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April 2, 2015

April 2, 2015

Posted by **ariana`** on Tuesday, August 4, 2009 at 10:26am.

P(t)=(24t+10)/(t^2+1)

Million t hours after the introduction or a toxin.

At what rate is the population changing in 1 hour after the toxin is introduced (t=1)? Is the population increasing or decreasing at this time?

At what time does the population begin to decline?

- calculus -
**bobpursley**, Tuesday, August 4, 2009 at 10:54amIs there a question here?

- calculus -
**ariana`**, Tuesday, August 4, 2009 at 11:04amyes,

A Bacterial colony is estimated to have a population of million t hours after the introduction of a toxin

(a) At what rate is the population changing during 1 hr after the toxin is introduced (t=1)? Is the population increasing or decreasing @ this time?

(b) At what time does the population begin to decline?

- calculus -
**bobpursley**, Tuesday, August 4, 2009 at 11:32amTake the derivative

P' = dP/dt=24/(t^2+1) + ((24t+1)*(-1)(t^2+1)^-2 (2t)

a) for rate,put t=1 and compute. I get about 12-25=-13 check that. It is reducing (negative)

b) when does it decline is the same question as when is it max?

set P'=0, solve for t.

- calculus -
**ariana`**, Tuesday, August 4, 2009 at 11:35amhuh?

- calculus -
**ariana`**, Tuesday, August 4, 2009 at 11:36ami'm new at this, please show me how to answer the problem. thanks

- calculus -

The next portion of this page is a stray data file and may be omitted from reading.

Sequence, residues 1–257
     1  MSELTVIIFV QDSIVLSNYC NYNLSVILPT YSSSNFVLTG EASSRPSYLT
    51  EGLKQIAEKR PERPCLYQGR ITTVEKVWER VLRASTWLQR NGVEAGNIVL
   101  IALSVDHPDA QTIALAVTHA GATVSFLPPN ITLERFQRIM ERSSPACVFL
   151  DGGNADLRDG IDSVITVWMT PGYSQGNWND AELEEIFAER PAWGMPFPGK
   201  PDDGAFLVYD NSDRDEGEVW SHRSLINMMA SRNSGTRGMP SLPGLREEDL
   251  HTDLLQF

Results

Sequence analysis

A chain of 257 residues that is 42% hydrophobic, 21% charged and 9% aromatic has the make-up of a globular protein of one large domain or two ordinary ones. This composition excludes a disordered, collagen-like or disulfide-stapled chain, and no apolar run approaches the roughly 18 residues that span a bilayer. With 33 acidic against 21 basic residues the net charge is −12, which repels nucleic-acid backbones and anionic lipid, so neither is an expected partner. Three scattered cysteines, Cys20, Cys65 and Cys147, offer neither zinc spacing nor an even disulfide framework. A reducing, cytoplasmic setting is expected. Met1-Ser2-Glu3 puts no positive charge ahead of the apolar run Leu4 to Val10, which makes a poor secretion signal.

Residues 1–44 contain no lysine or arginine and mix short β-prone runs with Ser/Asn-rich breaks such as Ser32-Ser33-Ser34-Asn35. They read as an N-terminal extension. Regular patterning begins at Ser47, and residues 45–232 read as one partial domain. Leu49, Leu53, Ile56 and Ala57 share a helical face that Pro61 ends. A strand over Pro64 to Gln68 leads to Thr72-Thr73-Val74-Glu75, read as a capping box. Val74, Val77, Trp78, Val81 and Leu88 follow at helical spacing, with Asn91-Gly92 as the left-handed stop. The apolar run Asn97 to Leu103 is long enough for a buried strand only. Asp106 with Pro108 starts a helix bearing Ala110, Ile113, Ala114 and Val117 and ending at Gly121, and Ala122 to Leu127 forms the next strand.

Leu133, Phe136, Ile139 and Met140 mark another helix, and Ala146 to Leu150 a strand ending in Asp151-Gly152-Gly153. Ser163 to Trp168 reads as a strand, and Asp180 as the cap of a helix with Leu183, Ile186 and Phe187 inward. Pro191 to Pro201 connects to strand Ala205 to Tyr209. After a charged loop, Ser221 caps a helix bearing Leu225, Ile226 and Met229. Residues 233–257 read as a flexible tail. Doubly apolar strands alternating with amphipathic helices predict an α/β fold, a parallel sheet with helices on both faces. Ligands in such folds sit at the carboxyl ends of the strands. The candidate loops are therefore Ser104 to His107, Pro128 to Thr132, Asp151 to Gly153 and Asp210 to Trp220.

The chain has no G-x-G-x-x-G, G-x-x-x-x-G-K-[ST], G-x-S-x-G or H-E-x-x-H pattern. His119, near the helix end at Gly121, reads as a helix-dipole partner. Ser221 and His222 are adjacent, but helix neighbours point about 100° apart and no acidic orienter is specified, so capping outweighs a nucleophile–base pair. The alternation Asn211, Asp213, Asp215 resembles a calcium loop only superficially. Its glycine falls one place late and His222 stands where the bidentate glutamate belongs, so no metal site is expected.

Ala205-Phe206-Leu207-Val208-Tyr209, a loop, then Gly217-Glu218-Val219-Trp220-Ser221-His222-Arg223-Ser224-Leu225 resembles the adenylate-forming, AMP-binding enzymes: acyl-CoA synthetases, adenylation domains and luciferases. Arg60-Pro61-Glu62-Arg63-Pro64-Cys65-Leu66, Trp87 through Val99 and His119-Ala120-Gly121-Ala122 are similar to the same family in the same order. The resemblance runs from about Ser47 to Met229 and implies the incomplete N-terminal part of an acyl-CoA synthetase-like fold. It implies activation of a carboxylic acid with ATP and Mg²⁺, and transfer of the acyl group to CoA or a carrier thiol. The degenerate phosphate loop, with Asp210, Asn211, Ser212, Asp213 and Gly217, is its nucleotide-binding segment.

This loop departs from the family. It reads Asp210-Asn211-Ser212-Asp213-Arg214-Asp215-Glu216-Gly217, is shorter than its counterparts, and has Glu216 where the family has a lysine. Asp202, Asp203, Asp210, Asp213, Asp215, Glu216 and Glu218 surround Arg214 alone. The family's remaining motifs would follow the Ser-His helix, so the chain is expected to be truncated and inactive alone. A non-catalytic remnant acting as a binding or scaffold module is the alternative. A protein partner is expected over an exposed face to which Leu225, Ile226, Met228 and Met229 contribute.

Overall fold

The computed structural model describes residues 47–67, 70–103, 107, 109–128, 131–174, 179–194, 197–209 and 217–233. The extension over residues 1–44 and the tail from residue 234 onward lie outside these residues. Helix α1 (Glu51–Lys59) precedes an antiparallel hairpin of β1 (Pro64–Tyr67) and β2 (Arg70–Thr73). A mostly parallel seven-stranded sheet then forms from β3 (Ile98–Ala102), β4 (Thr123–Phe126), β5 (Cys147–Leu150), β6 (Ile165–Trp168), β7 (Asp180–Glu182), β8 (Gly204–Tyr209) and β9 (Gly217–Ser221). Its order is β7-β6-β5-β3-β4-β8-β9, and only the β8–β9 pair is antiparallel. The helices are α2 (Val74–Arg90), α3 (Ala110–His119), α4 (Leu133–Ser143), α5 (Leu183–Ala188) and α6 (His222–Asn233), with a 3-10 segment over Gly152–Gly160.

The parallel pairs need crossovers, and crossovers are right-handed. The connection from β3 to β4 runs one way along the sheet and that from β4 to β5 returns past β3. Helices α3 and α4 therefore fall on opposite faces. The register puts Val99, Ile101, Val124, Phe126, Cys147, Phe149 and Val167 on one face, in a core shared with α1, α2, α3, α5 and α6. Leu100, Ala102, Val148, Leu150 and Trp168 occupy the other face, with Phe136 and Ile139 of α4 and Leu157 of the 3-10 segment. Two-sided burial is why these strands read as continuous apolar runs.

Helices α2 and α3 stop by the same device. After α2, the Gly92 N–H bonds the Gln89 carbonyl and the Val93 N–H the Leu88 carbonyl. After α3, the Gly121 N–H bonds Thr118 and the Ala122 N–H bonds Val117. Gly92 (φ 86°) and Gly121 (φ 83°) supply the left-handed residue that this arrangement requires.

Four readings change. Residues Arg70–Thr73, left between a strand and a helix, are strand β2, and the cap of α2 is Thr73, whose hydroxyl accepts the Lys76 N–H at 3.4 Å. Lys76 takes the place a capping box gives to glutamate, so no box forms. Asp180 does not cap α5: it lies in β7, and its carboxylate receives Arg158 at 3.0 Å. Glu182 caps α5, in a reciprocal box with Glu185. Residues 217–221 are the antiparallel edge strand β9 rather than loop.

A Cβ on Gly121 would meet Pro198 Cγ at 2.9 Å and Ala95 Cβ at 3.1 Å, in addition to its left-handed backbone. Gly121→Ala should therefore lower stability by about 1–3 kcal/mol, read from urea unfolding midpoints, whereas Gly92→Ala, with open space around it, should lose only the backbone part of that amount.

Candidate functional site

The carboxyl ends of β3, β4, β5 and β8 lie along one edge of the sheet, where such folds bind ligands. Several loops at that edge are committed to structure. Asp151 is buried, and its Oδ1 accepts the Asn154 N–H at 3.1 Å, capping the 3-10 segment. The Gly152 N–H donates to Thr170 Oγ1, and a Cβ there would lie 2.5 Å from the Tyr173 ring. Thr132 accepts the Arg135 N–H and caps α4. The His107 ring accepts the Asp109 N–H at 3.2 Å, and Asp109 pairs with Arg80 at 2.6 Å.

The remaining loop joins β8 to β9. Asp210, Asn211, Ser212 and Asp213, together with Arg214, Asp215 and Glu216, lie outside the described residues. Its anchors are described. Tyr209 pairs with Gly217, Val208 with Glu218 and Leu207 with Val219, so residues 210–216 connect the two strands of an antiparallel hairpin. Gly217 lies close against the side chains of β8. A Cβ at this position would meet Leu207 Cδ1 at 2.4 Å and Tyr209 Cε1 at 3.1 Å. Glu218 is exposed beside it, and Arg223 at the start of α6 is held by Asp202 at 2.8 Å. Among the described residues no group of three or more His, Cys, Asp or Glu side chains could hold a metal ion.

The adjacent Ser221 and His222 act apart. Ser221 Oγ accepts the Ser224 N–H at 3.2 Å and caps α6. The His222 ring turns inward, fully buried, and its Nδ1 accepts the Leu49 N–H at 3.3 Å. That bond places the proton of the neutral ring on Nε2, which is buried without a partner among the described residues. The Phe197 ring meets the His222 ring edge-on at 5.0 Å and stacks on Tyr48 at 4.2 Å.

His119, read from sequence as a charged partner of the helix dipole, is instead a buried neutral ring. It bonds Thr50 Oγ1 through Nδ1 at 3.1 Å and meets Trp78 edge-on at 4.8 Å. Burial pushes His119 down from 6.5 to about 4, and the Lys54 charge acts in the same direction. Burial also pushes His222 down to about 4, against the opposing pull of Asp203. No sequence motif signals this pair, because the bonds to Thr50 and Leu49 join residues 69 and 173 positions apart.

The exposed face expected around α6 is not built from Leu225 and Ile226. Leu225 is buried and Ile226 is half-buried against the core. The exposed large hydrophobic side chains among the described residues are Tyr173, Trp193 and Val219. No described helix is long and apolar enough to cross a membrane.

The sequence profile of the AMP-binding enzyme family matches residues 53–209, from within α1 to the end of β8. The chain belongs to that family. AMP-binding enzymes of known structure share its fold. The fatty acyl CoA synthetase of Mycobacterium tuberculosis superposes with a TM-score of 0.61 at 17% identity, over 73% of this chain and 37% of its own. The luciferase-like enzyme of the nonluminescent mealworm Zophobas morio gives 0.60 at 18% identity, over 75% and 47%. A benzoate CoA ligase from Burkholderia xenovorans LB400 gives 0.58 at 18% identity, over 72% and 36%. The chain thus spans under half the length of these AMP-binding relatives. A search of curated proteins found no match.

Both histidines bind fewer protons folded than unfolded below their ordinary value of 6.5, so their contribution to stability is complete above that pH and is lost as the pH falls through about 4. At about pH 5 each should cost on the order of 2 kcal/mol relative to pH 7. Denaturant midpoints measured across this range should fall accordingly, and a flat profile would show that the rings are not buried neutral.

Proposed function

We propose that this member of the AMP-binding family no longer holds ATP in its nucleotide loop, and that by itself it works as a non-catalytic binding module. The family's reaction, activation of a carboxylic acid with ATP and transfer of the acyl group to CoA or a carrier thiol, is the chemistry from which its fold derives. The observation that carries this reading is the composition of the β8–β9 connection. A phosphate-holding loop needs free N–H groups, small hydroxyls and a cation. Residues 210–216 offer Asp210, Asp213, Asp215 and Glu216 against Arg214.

**ariana`**, Tuesday, August 4, 2009 at 11:45amthank you for this, can you just please explain in a little more detail how i would go about getting the answer t question b? thanks

- calculus -
**MathMate**, Tuesday, August 4, 2009 at 11:51amYou need to start with question a.

Redo the differentiation of a quotient:

d(u/v) = (u dv - v du)/v²

using

u=24t+10

v=t^2+1

If you cannot do this part, backtrack on your notes to make sure you can do it. Otherwise you will have a difficulty doing other exercises.

- calculus -
**ariana`**, Tuesday, August 4, 2009 at 11:57ami get -17 is that remotely correct?

- calculus -
**MathMate**, Tuesday, August 4, 2009 at 11:59amWhat is -17? It seems to form part of the answer. Please elaborate.

- calculus -
**ariana`**, Tuesday, August 4, 2009 at 12:04pmnever mind. please help me w/the question from the beginning. thanks

- calculus -
**MathMate**, Tuesday, August 4, 2009 at 12:18pmI will resume what Mr. Bob suggested.

Mr. Bob provided you with the derivative of the Population P(x) as:

P'(x)=dP/dx

=24/(t²+1) - 2t(24t+10)/(t²+1)²

after minor editorial corrections.

Substitute t=1 into the derivative (P'(x)) to find the rate of change.

At the maximum when the population starts to decline, the value of the derivative is zero, namely P'(x)=0.

You will note that P'(x) before 1 hour because at t=1, P'(x) is already negative.

I strongly suggest to work out the expression P'(x) from first principles and by yourself to fully understand your course content. Use the above expression as a check only.

Tell us what you get for P'(t) for t=1, i.e. P'(1)=? It happens to be a prime number under 10, but negative.

- calculus -
**MathMate**, Tuesday, August 4, 2009 at 12:20pmThe time when the population starts to decline is a whole number of minutes under one hour.

I will be out for the next hour or so, but will be back.

Post your results for check when you can.

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